"I'm not sure what the role of this new board is going to be. If it is just a shareholders' council, then that seems to be excessive," he said.

And he said farmers will lose control of the company, because Shanghai Maling's 50 percent stake comes with a casting vote for its co-chair on governance issues, including the appointment of the chief executive, and approval of the business plan and budget.

"That is control - I can't see it as anything other than control," Cochrane said.

The issue has also been raised by veteran fund manager Brian Gaynor, who noted in his New Zealand Herald column last week that Shanghai Maling insisted on the casting vote so that it could consolidate its investment for accounting purposes under the financial reporting standards applicable in China.

"This casting-vote agreement is a concern and could lead to serious problems in the years ahead," Gaynor wrote. "Joint venture arrangements are challenging, particularly when they involve two different cultures with one representing producers and the other owning distribution facilities in another country. In effect, Shanghai Maling has been given the opportunity to acquire a controlling interest in New Zealand's largest meat export company for just $261 million."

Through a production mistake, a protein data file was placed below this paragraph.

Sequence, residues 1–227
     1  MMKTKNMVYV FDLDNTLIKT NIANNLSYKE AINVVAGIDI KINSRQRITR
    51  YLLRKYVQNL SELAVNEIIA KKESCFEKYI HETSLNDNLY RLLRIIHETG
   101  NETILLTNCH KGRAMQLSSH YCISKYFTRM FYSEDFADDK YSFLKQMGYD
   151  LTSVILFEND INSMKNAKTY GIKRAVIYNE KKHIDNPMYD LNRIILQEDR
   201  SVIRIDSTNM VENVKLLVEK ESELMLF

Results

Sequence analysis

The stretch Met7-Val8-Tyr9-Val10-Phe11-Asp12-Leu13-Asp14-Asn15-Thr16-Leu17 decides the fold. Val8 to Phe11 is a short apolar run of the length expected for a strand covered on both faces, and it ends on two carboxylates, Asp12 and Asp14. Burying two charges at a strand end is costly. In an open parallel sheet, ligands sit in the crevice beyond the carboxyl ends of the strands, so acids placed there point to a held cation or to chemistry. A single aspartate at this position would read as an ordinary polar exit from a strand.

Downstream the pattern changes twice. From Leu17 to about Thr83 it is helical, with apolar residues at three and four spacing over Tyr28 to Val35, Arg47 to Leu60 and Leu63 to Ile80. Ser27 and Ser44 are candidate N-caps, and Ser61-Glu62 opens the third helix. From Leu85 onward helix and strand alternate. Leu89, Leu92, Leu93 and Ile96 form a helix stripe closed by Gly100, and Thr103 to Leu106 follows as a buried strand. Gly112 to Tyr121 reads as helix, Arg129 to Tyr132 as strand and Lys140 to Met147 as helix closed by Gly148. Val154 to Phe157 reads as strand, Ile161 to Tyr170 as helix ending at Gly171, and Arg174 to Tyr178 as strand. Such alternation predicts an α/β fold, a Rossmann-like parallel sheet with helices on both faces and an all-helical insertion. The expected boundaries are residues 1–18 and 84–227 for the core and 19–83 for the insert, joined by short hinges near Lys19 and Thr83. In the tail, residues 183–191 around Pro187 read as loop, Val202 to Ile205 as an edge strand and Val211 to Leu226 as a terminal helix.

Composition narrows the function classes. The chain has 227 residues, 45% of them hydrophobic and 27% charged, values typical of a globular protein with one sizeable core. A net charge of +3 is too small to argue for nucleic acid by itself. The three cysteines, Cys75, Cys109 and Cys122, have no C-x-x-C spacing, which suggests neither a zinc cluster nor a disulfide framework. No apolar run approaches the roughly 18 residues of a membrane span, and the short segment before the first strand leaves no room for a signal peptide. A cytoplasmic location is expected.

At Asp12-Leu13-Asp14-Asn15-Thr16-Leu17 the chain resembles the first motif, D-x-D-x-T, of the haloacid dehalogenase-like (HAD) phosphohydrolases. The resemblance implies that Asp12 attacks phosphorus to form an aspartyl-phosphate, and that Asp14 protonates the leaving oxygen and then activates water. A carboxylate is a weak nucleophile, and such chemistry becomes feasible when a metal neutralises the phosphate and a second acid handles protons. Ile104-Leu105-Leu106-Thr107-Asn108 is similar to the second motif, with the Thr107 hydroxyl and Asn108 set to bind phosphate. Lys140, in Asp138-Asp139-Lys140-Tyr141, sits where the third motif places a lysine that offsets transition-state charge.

Cochrane wouldn't identify the agribusinesses that may be willing to underwrite a placement and said it was up to SFF's board to do the leg work on a plan B to the Shanghai Maling sale.

But he handed out compliments to SFF's leadership as well, saying of chairman Hewett and chief executive Dean Hamilton: "I think they've done a fantastic job in what they have managed to do" in restoring the company. "They need to stand up and back themselves."